Obelisks that aren’t the Washington Monument

Those dogs really want to pee on Promenade Classique’s Washington Monument. Those dogs really want to pee on Promenade Classique’s Washington Monument.

The Washington Monument, which reopens on Monday, has some major drawbacks. You can only get a decent selfie with it from a mile away. It’s vulnerable to earthquakes. And you can’t hug it. Find better, smaller four-sided pointy things at the sites below.

Promenade Classique
A 14-ton, 30-foot-tall miniature Washington Monument is the least-weird thing about this trippy sculpture garden in an Alexandria office park. To reach Monument Jr., walk to the Potomac’s edge; you’ll pass a giant arrow, some faux Classical ruins, several statues of disembodied mouths that spew or drool water, and lunch-eating drones.
11 Canal Center Plaza (off North Fairfax Street), Alexandria.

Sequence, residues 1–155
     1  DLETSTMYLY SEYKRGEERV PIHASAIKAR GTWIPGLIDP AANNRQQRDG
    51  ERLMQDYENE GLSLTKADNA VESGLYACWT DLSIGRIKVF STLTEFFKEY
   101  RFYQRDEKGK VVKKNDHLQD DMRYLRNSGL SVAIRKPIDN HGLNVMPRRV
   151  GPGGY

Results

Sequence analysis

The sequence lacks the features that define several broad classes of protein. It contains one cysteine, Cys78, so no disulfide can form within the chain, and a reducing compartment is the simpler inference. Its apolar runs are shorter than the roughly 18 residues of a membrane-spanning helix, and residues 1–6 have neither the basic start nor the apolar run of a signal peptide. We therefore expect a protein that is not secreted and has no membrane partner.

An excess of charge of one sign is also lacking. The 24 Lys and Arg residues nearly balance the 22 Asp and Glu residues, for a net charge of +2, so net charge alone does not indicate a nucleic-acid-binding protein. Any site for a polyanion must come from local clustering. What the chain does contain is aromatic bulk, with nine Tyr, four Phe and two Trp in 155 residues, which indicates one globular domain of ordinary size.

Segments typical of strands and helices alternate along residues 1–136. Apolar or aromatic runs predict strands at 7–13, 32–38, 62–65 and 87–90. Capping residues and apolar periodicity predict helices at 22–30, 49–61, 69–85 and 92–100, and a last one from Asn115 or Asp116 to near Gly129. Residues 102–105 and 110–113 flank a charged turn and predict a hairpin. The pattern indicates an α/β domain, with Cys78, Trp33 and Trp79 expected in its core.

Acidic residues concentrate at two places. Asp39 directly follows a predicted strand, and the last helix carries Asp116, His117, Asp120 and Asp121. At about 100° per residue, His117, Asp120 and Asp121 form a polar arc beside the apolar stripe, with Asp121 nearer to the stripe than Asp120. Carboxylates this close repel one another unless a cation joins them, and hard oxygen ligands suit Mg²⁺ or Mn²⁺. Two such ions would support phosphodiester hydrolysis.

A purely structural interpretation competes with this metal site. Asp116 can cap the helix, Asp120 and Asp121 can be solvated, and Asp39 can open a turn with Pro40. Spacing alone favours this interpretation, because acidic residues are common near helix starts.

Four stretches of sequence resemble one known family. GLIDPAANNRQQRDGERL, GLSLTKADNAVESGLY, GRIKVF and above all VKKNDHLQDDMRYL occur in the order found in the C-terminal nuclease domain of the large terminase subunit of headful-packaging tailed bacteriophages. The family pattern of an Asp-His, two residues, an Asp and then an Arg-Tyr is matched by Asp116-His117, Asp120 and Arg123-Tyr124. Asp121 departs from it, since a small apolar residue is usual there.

Congressional Cemetery
The obelisk was a hugely popular gravestone style in the early and mid-1800s, and not just for VIPs. Obelisks of all kinds — skinny and fat, ornate and plain, decrepit and not — adorn graves of babies, ladies and ordinary guys. Alexander Macomb, an Army general who died in 1841, got an unusual model: His obelisk has a Spartan helmet and a bird on top.
Congressional Cemetery, 1801 E St. SE; 202-543-0539.

Glenwood Cemetery
The slothful obelisk enthusiast can enjoy Glenwood by car via the cemetery’s paved roads. As at Congressional, obelisks abound. The most depressing is the Benjamin Grenup monument, raised by his volunteer firefighter colleagues after he was crushed under the wheels of a fire engine in 1856. A cheery sculpted panel depicts this event.
Glenwood Cemetery, 2219 Lincoln Road NE; 202-667-1020.

 

Holly J. Morris is Express' managing editor for features.
Continue reading
Comments
Show Comments
Most Read

express

express

Success! Check your inbox for details.

See all newsletters